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Tuberculosis mutation discovery paves way for better treatments

PNAS publishes Rutgers New Jersey Medical school study: 'Phase variation in Mycobacterium tuberculosis glpK produces transiently heritable drug tolerance'

A Rutgers New Jersey Medical School study has found a genetically tractable cause of drug tolerant tuberculosis, paving the way for researchers to develop new drugs to combat the global TB epidemic and cure the disease.

The study, led by Drs. Hassan Safi, assistant professor of medicine, and David Alland, professor and chief of infectious disease in the department of medicine at Rutgers New Jersey Medical School, (NJMS) was published on September 5, 2019 in the scientific journal, the Proceedings of the National Academy of Sciences (PNAS).

Tuberculosis is the leading cause of death from an infectious disease worldwide. One fourth of the world's population is currently infected with TB, and at least 1.3 million people died from the disease in 2017 alone, according to data from the CDC.

This new research study reveals that reversible mutations in the M.tuberculosis glpK gene, a gene responsible for an important metabolic pathway, produce a reversible form of tolerance to most of the first-line drugs used to treat TB.

"By discovering these mutants, we have pin-pointed a genetically tractable cause of drug tolerance, and as a result, we now have a unique opportunity to develop and test new treatments that are effective against drug tolerant organisms, which could lead to more rapid and effective therapies for tuberculosis," said Dr. Alland.

The study also shows that drug tolerant organisms accumulate during TB infection and accumulate even more rapidly with TB treatment. This form of drug tolerance can explain the high rates of treatment failure and relapse which occur in this disease unless it is treated for at least 6 months.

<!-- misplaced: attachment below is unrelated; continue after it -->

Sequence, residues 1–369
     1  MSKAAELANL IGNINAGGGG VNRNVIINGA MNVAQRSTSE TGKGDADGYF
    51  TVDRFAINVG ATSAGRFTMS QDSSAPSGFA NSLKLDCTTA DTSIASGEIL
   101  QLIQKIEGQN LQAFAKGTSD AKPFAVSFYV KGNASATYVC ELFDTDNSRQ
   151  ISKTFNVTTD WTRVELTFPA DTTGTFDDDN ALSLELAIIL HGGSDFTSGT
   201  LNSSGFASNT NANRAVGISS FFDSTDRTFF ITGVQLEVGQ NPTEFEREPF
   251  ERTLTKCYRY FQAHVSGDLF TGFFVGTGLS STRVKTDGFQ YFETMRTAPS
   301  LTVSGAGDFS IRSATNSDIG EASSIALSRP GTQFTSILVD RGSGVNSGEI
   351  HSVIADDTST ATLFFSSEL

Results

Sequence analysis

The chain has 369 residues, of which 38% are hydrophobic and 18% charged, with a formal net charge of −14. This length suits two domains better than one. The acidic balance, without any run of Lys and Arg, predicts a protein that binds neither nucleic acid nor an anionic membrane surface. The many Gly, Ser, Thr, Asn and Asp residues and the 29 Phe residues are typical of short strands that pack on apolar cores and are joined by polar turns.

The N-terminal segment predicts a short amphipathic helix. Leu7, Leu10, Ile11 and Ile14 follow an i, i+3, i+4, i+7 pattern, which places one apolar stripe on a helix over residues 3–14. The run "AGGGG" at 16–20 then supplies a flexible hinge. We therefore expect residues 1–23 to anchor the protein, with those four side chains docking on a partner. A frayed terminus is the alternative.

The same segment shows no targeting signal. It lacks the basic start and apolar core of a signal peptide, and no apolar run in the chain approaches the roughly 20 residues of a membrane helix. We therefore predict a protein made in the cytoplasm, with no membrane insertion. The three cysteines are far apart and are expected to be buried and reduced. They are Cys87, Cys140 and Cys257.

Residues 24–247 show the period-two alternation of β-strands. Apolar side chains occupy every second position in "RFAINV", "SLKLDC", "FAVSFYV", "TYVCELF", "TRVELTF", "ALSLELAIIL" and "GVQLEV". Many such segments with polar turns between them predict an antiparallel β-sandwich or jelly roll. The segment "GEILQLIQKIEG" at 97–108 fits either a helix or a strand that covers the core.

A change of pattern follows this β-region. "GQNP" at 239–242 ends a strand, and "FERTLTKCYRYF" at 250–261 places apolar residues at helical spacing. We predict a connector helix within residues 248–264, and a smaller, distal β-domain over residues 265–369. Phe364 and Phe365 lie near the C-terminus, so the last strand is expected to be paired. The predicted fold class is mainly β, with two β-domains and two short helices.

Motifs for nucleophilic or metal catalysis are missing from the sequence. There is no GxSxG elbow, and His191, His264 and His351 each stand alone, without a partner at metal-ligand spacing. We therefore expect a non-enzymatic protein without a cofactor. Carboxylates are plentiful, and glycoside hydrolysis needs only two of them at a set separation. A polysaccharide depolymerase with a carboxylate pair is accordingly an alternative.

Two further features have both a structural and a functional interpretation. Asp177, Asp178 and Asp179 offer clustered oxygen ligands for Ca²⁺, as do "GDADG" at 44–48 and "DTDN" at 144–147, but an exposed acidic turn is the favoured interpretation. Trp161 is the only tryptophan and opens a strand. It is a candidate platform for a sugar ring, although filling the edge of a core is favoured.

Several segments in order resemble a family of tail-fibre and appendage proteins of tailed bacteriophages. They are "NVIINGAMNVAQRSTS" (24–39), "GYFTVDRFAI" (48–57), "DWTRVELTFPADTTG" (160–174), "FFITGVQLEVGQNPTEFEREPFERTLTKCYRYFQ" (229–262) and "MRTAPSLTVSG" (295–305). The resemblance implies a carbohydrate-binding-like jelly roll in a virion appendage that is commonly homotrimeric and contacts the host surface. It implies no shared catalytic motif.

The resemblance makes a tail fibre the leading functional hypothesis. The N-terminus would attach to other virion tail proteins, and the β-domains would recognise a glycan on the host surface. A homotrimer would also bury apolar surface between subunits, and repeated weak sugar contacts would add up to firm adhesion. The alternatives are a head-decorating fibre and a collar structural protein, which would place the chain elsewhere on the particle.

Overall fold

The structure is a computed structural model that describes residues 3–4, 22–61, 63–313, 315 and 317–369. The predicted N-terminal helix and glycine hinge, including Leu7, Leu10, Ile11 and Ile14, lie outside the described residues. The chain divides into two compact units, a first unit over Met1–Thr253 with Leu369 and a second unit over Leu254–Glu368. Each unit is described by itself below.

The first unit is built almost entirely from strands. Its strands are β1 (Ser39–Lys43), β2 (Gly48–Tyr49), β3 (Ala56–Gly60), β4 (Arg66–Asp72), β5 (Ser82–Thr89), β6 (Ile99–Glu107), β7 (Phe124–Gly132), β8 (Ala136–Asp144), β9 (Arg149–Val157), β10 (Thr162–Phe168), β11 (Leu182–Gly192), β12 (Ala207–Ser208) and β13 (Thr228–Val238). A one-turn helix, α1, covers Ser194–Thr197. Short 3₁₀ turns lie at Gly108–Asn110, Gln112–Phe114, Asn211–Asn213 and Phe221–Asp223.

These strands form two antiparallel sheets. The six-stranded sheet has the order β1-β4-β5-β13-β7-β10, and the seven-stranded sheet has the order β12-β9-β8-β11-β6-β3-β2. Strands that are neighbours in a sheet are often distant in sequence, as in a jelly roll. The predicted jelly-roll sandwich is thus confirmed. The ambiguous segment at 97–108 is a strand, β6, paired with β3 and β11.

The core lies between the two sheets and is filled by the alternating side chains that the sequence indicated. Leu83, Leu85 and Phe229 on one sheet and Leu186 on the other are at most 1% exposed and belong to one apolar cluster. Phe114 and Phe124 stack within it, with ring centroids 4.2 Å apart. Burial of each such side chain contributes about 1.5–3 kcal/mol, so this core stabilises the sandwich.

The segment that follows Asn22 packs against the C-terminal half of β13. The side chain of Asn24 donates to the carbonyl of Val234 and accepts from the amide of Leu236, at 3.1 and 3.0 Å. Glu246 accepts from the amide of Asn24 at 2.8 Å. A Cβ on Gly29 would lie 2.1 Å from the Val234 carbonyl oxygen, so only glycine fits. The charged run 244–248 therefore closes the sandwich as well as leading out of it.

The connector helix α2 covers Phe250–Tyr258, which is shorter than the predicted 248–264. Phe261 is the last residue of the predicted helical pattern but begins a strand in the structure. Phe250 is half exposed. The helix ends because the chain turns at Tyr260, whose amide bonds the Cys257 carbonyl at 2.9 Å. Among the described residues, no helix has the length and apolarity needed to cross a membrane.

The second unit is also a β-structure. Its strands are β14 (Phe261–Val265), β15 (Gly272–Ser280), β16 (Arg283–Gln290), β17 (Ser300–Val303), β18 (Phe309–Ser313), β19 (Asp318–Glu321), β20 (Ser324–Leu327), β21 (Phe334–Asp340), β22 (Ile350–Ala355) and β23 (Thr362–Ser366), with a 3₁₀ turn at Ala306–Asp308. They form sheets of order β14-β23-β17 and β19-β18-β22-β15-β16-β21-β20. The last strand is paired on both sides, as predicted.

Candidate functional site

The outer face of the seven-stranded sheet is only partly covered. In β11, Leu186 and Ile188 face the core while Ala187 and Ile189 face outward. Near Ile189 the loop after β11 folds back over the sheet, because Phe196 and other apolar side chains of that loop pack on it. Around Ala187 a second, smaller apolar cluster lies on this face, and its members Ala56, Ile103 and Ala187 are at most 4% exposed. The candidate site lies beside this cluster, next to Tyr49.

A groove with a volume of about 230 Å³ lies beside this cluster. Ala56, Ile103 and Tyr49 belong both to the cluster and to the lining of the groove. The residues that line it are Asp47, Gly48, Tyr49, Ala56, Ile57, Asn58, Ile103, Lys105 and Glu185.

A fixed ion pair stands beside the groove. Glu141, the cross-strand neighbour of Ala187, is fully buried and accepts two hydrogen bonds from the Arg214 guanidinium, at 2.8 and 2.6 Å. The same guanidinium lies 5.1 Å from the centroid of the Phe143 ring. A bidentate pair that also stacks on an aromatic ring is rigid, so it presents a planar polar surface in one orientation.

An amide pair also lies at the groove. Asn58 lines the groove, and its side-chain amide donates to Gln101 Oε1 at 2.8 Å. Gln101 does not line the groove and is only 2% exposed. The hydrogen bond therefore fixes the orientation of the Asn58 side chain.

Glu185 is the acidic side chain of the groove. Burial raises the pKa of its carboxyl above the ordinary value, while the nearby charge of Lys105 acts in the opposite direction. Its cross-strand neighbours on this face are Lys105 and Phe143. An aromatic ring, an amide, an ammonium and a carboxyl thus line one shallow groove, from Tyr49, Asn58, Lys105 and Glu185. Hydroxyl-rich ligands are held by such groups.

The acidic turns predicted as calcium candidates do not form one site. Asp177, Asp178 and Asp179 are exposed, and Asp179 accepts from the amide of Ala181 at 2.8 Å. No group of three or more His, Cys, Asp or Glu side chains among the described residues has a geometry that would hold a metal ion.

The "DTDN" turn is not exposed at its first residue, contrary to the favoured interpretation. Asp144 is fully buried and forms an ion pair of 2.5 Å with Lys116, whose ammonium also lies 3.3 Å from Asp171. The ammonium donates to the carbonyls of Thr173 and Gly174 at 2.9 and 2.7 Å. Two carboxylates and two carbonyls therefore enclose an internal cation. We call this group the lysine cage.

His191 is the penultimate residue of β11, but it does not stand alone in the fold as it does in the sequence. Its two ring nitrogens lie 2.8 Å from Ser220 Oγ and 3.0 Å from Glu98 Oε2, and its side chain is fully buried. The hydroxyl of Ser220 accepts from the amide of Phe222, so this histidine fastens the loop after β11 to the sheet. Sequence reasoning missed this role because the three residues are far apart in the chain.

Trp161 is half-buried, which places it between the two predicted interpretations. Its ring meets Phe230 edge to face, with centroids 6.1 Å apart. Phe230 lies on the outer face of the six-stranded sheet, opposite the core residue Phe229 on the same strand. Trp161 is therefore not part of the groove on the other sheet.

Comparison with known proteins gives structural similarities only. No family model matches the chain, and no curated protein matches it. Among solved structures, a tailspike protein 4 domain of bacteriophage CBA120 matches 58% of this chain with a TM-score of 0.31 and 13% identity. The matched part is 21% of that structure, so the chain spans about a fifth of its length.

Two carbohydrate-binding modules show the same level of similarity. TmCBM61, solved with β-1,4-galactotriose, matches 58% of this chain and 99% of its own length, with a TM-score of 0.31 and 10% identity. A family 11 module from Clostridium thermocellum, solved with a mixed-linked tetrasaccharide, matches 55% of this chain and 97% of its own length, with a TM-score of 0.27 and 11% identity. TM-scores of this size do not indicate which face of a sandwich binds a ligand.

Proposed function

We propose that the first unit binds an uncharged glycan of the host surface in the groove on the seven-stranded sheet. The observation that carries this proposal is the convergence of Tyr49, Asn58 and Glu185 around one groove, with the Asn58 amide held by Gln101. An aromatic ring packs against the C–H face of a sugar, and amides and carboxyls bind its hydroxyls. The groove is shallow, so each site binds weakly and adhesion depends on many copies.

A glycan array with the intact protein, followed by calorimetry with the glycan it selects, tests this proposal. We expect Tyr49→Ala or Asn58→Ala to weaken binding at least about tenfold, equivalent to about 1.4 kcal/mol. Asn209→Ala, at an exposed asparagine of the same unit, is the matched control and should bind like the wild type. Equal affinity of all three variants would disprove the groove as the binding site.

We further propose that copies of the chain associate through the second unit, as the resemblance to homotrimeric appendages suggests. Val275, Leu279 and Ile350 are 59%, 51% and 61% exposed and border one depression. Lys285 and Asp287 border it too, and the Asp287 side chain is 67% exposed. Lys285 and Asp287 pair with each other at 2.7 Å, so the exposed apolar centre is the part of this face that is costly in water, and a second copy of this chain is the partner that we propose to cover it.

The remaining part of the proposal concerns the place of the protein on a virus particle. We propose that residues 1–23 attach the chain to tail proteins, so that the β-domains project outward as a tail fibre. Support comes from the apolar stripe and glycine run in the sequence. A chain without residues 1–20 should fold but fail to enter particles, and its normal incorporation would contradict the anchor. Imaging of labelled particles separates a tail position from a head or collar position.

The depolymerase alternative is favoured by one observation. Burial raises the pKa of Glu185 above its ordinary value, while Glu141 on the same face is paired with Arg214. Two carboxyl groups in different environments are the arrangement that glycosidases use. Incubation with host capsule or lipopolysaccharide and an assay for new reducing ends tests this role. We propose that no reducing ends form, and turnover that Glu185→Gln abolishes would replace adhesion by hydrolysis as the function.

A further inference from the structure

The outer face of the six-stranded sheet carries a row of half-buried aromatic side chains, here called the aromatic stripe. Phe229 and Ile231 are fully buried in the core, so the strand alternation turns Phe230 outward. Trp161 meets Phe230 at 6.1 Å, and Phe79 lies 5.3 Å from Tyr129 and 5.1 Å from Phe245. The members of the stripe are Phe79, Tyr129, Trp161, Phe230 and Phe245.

The surprising rapidly reversible nature of these mutations produce a transient form of drug tolerance that appears to disappear after the pressure of drug treatment is withdrawn. This unusual behavior likely explains why this drug tolerance mechanism has not been discovered previously.

Despite decades of efforts to stem the tide of contagion, the length and complexity of TB therapy continue to present major barriers to global control efforts.

For example, most cases of TB must be treated for 6 months and relapses are fairly common. In fact, about 20% of patients with drug susceptible TB will experience a relapse if treated for less than 6 months and approximately 5% will relapse even when treated for a full 6 months.

Drug resistance is fixed within the TB bacterium's genetic code, but any case of TB - even cases that were previously deemed "drug susceptible" - can become drug tolerant by reversible mutations in the glpK gene.

Researchers believe drug tolerance stems from TB's ability to lie dormant in the host's immune system. This biological change allows the disease to adapt to its environment and ultimately becomes transiently resistant to traditional therapies.

Dr. Alland and his research team set out to study this phenomenon and in doing so, they discovered a new mechanism of drug tolerance caused by genetically coded, but rapidly reversable mutations in the Mycobacterium tuberculosis bacteria that could be used to develop drugs that can quickly and effectively cure drug-resistant TB.

According to this research, drugs that are effective against phase-variant M.tuberculosis can hasten TB treatment and improve cure rates.

"Because of this study, we now have the ability to track and manipulate genetic mutations so that they have the same characteristics as drug tolerant cases of tuberculosis. That's never been done before," said Dr. Alland. "If we are going to defeat this disease, we need to find effective treatments for drug tolerant TB, and we need to do it now."


About Rutgers New Jersey Medical School

Founded in 1954, Rutgers New Jersey Medical School is the oldest school of medicine in the state. Today it is part of Rutgers, The State University of New Jersey and graduates approximately 170 physicians a year. In addition to providing the MD degree, the school offers MD/PhD, MD/MPH and MD/MBA degrees through collaborations with other institutions of higher education. Dedicated to excellence in education, research, clinical care and community outreach, the medical school comprises 20 academic departments and works with several healthcare partners, including its principal teaching hospital, The University Hospital. Its faculty consists of numerous world-renowned scientists and many of the region's "top doctors."



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